|If you are thinking of editing this page please be aware that the original author(s) of this page may be actively working on it at this moment, so changes you make may clash with theirs. (The Wiki software will warn you of conflicts if this happens.) Checking the page's history tab for frequent recent edits can warn you if changes by others are likely.|
This article is about different types of Consumer Unit (CU) and their features. For details on changing and upgrading consumer units see here
Types of CU
The term "consumer unit" is generic name for the box of fuses or circuit breakers that normally connects each of the electrical circuits in a property to the electricity supply after it comes out of the electricity meter.
Older CUs usually have a main switch and some form of fuse based protection. Different manufacturers opting for different incompatible designs.
Modern CUs for domestic properties tend to be based round similar designs regardless of the manufacturer. Typically they use a DIN mounting rail system to which the protective devices "clip on". Incoming power is fed via one or more switches or RCDs to a number of "busbars". At a minimum there will be a live busbar which feeds power to each protective device, and a neutral one that commons all the circuit neutral wires together with the supply neutral. The live busbar is connected to individual circuit breakers, and these in turn connect to the live wires of each of the buildings circuits. Finally there is also an earth busbar that is connected to the properties main earthing terminal, and the protective earth wires of all the circuits. CUs have a number of spaces or "ways" into which protective devices can be installed. So the more ways, the larger the CU and the greater number of circuits it can supply.
Rewireable fuse CU
A simple CU with a single main switch and a number of outgoing ways. Small designes having one or two ways, and the larger ones up to 10 or more ways. In most designs the fuse carrier for each circuit can be removed to facilitate replacement of the fusewire. The fuse carriers are often also marked with the current rating. Better designs include a mechanism that stopped carriers of the wrong rating being inserted into fuse ways that did not match the rating, although note that none of the carriers include any way of preventing the wrong rating of fuse wire from being installed.
Cartridge fuse CU
Popular for a short while between the transition between rewireable fuses and MCBs was the cartridge fuse based CU. Typically a single main switch design, plus a number of outgoing ways protected by a cartridge fuse. Fuses can only usually be inserted into a fuse way of matching current, by virtue of the different ratings of fuse being different physical sizes. Note that cartridge fuses can still be used in many modern CUs via DIN rail mounting fuse carriers.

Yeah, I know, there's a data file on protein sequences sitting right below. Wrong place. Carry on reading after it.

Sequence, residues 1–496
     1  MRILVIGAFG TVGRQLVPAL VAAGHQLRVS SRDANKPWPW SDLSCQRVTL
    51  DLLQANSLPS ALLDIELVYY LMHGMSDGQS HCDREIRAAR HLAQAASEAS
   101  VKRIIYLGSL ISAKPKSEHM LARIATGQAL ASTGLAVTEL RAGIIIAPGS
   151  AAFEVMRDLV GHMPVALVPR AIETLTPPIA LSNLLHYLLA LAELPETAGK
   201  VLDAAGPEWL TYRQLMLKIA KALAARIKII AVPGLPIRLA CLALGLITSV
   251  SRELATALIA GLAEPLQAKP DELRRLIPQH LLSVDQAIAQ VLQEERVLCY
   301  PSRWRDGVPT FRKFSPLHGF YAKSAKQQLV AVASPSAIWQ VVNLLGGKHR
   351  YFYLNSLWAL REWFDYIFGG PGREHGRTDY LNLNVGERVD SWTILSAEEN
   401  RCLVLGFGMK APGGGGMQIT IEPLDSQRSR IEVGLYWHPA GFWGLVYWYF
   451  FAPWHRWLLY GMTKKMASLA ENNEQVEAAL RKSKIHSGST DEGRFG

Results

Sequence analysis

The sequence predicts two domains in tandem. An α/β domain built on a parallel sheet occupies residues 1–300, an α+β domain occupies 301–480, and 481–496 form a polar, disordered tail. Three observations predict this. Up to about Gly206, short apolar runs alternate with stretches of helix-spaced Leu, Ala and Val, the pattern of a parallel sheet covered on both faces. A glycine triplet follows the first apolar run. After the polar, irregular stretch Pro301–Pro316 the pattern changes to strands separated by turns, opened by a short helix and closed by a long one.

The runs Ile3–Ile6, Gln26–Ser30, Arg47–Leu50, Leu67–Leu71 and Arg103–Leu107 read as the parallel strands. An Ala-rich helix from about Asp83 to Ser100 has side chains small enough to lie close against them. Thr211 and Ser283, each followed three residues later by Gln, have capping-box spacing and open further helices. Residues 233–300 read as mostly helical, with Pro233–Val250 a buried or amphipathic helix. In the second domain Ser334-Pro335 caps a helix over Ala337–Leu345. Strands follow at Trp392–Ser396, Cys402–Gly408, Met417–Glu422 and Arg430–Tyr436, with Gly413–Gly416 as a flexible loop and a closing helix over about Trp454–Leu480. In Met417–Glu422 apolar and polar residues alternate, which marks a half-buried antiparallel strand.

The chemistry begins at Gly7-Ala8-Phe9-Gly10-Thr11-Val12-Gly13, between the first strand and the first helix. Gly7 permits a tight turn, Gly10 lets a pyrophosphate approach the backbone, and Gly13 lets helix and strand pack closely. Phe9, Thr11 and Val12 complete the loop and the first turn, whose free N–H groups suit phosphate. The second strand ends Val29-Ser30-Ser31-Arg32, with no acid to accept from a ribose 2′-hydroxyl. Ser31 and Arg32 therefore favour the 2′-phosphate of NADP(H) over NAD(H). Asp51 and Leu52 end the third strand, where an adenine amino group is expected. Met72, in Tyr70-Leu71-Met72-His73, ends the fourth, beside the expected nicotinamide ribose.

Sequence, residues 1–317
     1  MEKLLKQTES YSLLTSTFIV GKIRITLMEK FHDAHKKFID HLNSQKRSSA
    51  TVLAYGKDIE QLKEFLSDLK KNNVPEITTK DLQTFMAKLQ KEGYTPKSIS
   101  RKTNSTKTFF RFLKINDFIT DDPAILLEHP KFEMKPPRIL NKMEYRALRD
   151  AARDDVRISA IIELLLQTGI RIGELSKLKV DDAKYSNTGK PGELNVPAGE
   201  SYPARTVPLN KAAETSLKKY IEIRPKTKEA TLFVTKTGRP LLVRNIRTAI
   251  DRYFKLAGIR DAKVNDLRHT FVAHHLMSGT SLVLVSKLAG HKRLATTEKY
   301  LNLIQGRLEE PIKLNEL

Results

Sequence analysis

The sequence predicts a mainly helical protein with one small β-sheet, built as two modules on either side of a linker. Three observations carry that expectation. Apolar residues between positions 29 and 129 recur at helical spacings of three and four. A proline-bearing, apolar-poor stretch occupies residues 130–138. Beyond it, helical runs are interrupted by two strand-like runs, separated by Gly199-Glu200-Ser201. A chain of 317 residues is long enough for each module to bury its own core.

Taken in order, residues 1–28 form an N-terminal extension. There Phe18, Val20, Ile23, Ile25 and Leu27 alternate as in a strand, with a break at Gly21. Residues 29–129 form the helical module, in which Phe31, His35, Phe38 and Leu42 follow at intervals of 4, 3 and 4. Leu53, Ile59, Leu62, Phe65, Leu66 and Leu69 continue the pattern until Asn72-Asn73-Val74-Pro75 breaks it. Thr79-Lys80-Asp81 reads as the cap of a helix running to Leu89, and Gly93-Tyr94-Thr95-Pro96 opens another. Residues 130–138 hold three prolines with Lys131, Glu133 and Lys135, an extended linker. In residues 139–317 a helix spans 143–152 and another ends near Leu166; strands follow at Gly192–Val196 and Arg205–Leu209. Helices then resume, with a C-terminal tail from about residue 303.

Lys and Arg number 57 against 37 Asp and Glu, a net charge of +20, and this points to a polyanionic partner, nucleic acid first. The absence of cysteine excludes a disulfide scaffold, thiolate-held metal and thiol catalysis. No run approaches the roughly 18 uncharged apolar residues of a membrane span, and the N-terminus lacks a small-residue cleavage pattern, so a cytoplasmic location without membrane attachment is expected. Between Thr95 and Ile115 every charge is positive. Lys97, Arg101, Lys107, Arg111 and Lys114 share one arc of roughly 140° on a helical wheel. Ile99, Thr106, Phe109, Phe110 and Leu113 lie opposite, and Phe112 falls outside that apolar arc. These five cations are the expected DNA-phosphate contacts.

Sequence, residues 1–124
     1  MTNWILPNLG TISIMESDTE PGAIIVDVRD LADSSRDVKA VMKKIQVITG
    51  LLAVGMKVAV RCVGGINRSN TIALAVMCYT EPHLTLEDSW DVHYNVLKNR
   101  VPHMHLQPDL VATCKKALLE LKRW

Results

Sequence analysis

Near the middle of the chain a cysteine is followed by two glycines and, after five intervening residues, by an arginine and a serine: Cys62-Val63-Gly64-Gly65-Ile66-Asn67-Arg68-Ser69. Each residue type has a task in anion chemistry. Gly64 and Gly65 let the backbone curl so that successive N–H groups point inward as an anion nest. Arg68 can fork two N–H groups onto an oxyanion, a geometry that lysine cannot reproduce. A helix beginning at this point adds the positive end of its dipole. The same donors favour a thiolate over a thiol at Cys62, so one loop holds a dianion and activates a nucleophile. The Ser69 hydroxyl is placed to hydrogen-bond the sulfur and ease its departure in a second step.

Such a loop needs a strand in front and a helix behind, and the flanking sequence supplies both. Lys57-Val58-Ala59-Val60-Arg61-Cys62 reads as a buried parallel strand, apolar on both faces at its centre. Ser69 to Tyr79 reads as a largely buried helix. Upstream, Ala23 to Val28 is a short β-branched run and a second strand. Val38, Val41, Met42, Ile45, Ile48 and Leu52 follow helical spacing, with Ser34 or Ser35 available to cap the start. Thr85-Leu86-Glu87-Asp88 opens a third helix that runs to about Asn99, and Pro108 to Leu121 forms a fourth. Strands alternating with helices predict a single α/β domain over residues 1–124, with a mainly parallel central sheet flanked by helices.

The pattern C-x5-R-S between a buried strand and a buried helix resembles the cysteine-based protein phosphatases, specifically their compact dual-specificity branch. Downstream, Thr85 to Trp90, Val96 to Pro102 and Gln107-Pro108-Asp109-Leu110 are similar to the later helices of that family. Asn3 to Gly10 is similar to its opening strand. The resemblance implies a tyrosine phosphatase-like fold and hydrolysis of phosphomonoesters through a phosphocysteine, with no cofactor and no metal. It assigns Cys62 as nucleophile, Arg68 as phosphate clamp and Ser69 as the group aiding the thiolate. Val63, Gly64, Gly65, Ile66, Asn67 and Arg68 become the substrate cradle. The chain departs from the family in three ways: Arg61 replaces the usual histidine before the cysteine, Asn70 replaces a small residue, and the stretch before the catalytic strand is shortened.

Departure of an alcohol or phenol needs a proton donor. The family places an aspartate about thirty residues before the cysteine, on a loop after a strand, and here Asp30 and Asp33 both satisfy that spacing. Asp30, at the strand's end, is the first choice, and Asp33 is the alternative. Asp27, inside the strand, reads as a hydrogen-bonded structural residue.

Standard "Main Switch" CU with MCBs
The simplest CUs have just a single main switch, and space for a number of protective devices. The number of spaces (or "ways") dictates how many circuits can be connected. The smallest CUs have 1 or 2 ways and are suitable for some applications like a garage or shed supply. Larger ones can have 16 or more ways. Note that in addition to carrying MCBs, these CUs are also able to house a number of other DIN rail mounted devices such as fuse carriers, RCBOs, Timers, Relays, and Contactors etc.
Split Load CU
A popular type of CU is the "split load" type. This has the busbar divided at some point and allows the CU to be powered in multiple sections. The main switch will usually control power to all the sections, but each section can be independently switched off via its RCD. This allows RCD protection to be applied to some circuits but not others.
With the changes in the 17th Edition of the Wiring Regulations requiring 30mA RCD protection for many more types of cable location, it is likely that the use of RCBOs, which combine an MCB and an RCD in one device, on individual circuits will become more popular. Originally split load units featured only one split, whereas current models now often allow three or four split sections. See 17th Edition Consumer Units
No longer made and new MCBs are no longer available. Hager now own Asley
- Cheap and cheerful with a good range of MCBs, single module RCBOs, RCDs etc.